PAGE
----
The cephalic phase is essential for nutrition for many reasons, of which the most important is probably efficiency. For a standard 400g meal, most normal people will require approximately 600-900ml of gastric secretions, containing about 50-80 mEq of hydrochloric acid. Considering that even maximally stimulated gastric mucosa can produce no more than about 10-15mEq of the acid in 15 minutes (Lawrie & Forrest, 1965), it would be inefficient to wait for the arrival of food to stimulate acid secretion. Ergo, in order for the organism to be ready to digest the meal immediately, some anticipatory responses need to occur, well before the meal itself is being eaten.
These are described in great detail by Power & Schulkin (2008). One could probably do no better than to simply reproduce their Table 1, as it serves the purpose of this chapter perfectly, listing the responses without digressing overmuch into pointless detail:
|Cephalic phase response||Organ(s)||Function(s)|
|Salivation||Mouth||Lubricate food, begin digestion of starch, dissolves food particles (essential for taste)|
|Gastric acid secretion||Stomach||Hydrolysis of food|
|Gastrin||Stomach||Stimulates gastric acid secretion|
|Lipase||Stomach; pancreas||Fat digestion|
|Gastric emptying||Stomach||Regulate food passage|
|Intestinal motility||Intestine||Regulate food passage|
|Bicarbonate||Intestine||Neutralizes stomach acid|
|Cholecystokinin (CCK)||Small intestine||Terminate feeding|
|Digestive enzymes||Pancreas||Digestion of protein, carbohydrates and fat|
|Bile||Gall bladder||Fat emulsification|
|Leptin||Adipose tissue; stomach||Reduce appetite|
|Ghrelin||stomach||Stimulate appetite; stimulate GH secretion, fat absorption|
The table is comprehensive, but fails to convey the integration of responses, and this is often what the CICM examiners are looking for in the First Part exam answers. One way of demonstrating this understanding would be to treat the phases as reflexes, with stimuli, afferents, processors, efferents and effector organs.
So: the cephalic phase of the response to a meal is a neurohormonal response where the neuro does most of the heavy lifting. Specifically it is the vagus nerve, responsible for basically everything here, including the release of hormones which act as paracrine secondary messengers. Still, if for some reason you needed to behold the hormonal milieu on its own (for example, if you were asked about the hormonal response to a meal), you could list all the vagally mediated hormone release phenomena in this phase of digestion:
The cephalic phase is generally viewed as very brief, as under conventional conditions only a short time passes between experiencing the sensory qualities of food and filling your stomach with it.
Also historically referred to as the "chemical phase", the gastric phase is characterised by stereotypical responses of the stomach to the volume and acidity of its content. Again, neurological and paracrine hormonal events take place, but this time they are both equally important. These responses are even more clearly reflex-like than the cephalic phase, as in there is a predictable effect from each stimulus. There are also three distinct sub-phases:
The reflex-like elements of the gastric phase response to a meal can be summarised as follows:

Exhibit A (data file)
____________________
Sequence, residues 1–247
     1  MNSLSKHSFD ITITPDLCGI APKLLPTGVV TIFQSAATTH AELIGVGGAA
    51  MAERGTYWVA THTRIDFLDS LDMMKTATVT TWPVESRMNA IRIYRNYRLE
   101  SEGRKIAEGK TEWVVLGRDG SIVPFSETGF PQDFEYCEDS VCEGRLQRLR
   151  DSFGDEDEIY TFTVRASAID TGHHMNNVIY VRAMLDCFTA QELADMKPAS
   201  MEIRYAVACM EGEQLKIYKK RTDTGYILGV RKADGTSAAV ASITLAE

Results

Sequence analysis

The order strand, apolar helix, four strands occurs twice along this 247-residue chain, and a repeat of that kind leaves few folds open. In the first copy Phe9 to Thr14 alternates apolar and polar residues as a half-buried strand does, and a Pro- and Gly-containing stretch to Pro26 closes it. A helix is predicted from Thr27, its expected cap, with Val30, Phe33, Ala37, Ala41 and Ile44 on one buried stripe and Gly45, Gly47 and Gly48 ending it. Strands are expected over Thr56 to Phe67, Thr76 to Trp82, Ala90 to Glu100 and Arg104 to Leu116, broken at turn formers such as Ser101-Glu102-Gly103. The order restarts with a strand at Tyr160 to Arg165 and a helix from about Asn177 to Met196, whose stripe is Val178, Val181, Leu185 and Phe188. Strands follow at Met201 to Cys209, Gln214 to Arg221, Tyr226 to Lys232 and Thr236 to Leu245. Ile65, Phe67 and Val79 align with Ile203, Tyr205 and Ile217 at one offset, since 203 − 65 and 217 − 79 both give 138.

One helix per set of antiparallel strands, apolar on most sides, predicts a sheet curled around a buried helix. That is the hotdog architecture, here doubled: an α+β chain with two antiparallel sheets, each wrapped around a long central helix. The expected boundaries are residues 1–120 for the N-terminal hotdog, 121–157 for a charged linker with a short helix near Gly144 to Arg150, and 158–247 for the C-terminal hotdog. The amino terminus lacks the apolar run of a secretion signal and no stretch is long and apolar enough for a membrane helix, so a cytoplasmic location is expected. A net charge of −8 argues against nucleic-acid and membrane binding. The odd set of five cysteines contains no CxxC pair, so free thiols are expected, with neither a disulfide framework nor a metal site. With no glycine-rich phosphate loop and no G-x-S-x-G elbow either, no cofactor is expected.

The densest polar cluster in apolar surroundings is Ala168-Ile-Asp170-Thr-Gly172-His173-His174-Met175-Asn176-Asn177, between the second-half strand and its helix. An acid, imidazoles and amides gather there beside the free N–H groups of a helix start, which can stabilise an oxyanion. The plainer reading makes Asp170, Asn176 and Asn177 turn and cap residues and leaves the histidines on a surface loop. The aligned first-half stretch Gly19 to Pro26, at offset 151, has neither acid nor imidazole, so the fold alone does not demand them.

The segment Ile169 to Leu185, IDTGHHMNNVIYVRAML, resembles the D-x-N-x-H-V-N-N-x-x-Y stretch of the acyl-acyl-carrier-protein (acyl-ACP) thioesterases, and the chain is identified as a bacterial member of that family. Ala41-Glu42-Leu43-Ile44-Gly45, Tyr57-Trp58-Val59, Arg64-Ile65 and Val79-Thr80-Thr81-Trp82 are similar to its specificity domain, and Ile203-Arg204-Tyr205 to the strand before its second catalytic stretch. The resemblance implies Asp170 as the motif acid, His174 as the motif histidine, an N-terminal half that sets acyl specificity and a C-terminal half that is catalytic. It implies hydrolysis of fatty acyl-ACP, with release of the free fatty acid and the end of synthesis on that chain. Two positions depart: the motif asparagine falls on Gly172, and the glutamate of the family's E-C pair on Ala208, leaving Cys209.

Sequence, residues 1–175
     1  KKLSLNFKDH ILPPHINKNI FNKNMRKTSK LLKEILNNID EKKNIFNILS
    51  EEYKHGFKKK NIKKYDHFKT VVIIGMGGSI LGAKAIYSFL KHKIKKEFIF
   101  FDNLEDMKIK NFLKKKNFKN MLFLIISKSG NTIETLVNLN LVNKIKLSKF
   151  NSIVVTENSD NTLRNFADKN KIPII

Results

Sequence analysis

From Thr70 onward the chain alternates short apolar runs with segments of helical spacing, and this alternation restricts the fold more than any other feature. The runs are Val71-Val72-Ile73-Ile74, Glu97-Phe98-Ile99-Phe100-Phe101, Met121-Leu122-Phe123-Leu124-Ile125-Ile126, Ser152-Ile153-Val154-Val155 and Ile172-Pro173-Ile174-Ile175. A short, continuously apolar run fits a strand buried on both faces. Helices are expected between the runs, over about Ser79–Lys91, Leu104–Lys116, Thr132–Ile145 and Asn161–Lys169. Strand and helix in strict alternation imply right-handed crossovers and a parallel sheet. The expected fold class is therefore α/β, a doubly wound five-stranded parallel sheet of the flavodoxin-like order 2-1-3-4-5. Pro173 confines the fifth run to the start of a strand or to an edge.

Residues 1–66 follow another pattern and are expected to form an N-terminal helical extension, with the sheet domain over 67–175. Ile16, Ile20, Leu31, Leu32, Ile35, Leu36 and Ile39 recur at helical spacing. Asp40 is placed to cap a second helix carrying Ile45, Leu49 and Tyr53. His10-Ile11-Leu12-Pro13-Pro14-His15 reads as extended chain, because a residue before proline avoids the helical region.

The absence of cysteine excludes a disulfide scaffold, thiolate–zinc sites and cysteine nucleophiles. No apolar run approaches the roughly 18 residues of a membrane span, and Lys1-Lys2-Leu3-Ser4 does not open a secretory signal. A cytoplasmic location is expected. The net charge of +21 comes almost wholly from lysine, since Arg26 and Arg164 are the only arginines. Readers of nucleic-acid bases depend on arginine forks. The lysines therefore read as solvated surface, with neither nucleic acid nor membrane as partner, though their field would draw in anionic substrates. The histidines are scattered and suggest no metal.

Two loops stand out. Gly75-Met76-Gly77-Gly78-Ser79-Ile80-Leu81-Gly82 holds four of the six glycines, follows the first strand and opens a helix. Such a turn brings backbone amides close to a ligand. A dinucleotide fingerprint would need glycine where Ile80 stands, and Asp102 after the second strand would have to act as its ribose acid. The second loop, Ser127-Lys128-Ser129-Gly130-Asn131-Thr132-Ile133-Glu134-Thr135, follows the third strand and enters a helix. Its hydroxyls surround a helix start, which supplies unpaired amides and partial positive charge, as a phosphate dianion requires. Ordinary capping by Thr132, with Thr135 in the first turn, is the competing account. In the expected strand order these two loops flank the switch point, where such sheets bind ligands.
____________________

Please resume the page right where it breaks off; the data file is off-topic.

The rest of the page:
The gastric phase and the intestinal phase overlap considerably, with the gastric emptying rate being as slow as it is (200 kcal/hr). It may take the stomach three hours to empty out a particularly fatty nutrient-dense meal. During this time, the "intestinal phase" is clearly in progress, because it is the main source of the aforementioned delay.
So-named presumably because at last the small bowel takes centre stage, the intestinal phase is characterised by the duodenal secretion of hormonal signals which modulate the activity of the stomach, typically by slowing its emptying rate. The main objective of their action is to slow the delivery of half-digested chyme enough that the biliary and pancreatic systems have enough time to supply the right amount of enzymatic reagents to finish the digestive process to completion.
Or, to list them in a slightly different way,
For most textbooks, this isn't even a phase of the digestive process. Or, more accurately, it does not seem to be mentioned in most articles that describe the integrated response to a meal, unless they specifically deal with the affairs of the pancreas. For example, Liddle's chapter on the Regulation of Pancreatic Secretion for the 2018 edition of Physiology of the Gastrointestinal Tract has a short section dealing with this phase at the very end.
The concept of an "absorbed nutrient phase" only exists because of the occasionally noted observation that absorbed nutrients can have various effects on the hormonal activities of the gastrointestinal system after they have left the lumen and entered the bloodstream, particularly on the exocrine pancreas. At face value, this is obviously correct. For example, blood glucose clearly influences insulin and glucagon secretion. Unfortunately, that is the only nutrient-related hormonal effect on the gastrointestinal system that we can currently support with evidence. Investigators seem to disagree about the influence of absorbed amino acids and fats on the activity of the pancreas. The main reason to even mention this disputed phase is that CICM examiners clearly expected something to be said about insulin here, judging by their comments to Question 5 from the first paper of 2013.